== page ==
Hotels are expensive, and so is food, and since we're already under a lot of pressure to remember costumes and all of the accessories, it can be almost impossible to even start thinking about what we're going to eat in the middle of those pressure-packed days.
The problem is that if we don't, we either end up eating crap (like vending machine fare) or spending a lot of money eating restaurant food.
This competition, we got smart and actually thought ahead. We packed a grocery sack full of snacks, like apple slices with peanut butter, cheese and pepperonis, carrot sticks, protein bars, cheese crackers, clementine oranges, and bananas.
We also made sure to get up early enough that each morning, we filled travel mugs with coffee from home, and I made everyone a breakfast sandwich, which we enjoyed on the road on the way to the competition.
I won't say that we didn't spend any money on eating out while at the competition. We bought a second cup of coffee both Saturday and Sunday, and we had lunch at this sweet, little locally-owned hamburger joint (with my sister and her husband who were able to come to their first dance competition ... ever! and see their very talented nieces perform).
Between the savings from driving rather than lodging and only eating one meal out, we saved, in the neighborhood, of $350.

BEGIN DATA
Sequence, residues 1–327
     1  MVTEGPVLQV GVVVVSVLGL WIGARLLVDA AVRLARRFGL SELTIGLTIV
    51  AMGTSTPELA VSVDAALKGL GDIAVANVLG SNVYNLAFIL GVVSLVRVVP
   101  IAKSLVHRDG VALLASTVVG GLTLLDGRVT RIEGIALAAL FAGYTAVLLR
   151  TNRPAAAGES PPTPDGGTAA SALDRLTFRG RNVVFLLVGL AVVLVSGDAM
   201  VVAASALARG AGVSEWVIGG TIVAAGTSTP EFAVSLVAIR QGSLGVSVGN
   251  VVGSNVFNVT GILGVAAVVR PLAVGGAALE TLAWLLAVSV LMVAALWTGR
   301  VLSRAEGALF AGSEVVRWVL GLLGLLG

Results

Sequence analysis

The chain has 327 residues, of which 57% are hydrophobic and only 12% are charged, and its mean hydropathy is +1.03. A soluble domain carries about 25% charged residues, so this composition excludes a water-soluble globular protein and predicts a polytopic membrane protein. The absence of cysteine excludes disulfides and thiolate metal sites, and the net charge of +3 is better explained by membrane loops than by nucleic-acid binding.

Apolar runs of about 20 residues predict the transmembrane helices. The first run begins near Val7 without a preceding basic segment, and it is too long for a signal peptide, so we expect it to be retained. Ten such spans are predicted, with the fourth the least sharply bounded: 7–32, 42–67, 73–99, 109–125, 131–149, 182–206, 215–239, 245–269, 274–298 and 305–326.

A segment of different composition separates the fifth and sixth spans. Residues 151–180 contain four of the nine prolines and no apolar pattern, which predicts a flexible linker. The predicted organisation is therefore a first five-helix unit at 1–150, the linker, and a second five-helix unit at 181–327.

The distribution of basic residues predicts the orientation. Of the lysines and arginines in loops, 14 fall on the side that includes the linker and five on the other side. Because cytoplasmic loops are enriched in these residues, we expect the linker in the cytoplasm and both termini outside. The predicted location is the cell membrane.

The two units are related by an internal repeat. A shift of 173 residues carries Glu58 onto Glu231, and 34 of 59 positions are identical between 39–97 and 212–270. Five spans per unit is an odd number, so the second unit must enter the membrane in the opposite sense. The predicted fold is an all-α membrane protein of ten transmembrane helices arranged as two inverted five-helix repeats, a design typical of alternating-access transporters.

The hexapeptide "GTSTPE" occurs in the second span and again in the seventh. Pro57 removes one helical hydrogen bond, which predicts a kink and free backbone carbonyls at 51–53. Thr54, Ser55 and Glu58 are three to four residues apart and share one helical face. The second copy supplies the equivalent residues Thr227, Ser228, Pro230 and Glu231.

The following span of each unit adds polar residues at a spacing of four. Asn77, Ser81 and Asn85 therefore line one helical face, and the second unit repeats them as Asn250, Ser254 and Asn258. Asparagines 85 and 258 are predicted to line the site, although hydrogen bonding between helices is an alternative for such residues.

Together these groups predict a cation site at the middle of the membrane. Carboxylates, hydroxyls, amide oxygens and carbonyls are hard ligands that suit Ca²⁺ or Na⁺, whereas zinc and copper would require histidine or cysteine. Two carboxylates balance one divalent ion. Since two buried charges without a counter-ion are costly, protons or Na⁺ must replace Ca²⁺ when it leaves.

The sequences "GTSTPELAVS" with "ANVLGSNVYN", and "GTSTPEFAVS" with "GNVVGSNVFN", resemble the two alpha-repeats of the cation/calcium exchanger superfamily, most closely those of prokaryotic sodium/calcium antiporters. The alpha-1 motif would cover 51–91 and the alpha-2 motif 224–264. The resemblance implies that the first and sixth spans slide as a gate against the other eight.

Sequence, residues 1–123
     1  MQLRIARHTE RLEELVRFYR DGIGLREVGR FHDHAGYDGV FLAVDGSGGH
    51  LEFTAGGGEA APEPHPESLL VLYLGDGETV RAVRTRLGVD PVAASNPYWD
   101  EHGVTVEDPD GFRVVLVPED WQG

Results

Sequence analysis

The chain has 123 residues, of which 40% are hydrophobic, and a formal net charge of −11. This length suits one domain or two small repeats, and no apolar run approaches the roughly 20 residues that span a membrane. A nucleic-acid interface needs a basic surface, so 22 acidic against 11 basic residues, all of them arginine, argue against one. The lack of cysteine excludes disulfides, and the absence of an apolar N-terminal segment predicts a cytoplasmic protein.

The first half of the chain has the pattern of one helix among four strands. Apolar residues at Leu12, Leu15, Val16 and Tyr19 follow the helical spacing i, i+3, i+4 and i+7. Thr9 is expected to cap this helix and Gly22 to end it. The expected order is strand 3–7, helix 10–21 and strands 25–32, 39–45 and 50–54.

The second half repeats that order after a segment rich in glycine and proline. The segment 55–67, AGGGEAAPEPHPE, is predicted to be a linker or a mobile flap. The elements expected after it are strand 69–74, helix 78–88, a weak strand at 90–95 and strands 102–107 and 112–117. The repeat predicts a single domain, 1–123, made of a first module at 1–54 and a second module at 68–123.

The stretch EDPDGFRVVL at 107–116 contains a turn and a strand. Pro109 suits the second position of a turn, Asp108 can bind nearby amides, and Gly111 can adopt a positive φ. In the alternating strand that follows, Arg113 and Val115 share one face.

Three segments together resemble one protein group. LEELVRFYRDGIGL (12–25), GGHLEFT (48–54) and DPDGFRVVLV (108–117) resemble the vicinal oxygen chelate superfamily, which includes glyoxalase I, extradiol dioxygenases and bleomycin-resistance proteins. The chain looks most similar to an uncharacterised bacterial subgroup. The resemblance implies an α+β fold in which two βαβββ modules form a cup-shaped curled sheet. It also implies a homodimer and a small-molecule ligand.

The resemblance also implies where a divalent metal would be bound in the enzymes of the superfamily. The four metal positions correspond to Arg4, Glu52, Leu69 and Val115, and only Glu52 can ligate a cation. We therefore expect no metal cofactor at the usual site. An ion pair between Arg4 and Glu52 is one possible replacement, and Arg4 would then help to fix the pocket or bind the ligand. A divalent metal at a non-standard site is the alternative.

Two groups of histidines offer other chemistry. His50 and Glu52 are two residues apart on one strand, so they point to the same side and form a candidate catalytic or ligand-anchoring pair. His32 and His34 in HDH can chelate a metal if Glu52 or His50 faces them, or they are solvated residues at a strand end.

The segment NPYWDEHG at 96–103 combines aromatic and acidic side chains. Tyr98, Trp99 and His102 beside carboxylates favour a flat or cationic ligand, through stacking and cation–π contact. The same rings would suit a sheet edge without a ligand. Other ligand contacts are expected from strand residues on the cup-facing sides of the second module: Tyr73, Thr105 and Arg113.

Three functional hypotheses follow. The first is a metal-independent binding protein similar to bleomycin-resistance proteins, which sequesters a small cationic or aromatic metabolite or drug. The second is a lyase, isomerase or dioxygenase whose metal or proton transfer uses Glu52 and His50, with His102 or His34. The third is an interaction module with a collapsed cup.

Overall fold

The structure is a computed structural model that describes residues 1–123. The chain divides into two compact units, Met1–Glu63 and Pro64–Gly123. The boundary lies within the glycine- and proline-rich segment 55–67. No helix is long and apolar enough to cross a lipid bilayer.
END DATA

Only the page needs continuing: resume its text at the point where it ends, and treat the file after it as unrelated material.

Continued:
Next time, maybe we could get really smart, and maybe pack some mason jar meals. While most of the non-salad choices require some way to heat the food, not all of them do. Of course, we could probably bring our electric teapot and find an outlet to plug it into so that we could heat up water for one of the noodle jars. Even if I had to purchase a 12-pack of wide-mouth canning jars, it would be cheaper (and healthier) than most fast-food meals, and since we are dietary-restricted (no gluten) anyway, packing our own food means we don't, accidentally, end up eating something we shouldn't, and we don't have to spend extra $$ paying someone else to prepare food for us that won't make us sick.
Dance Competitions may not be a very frugal pastime, but there are ways that us frugalistas can make things a little more kind for our wallets.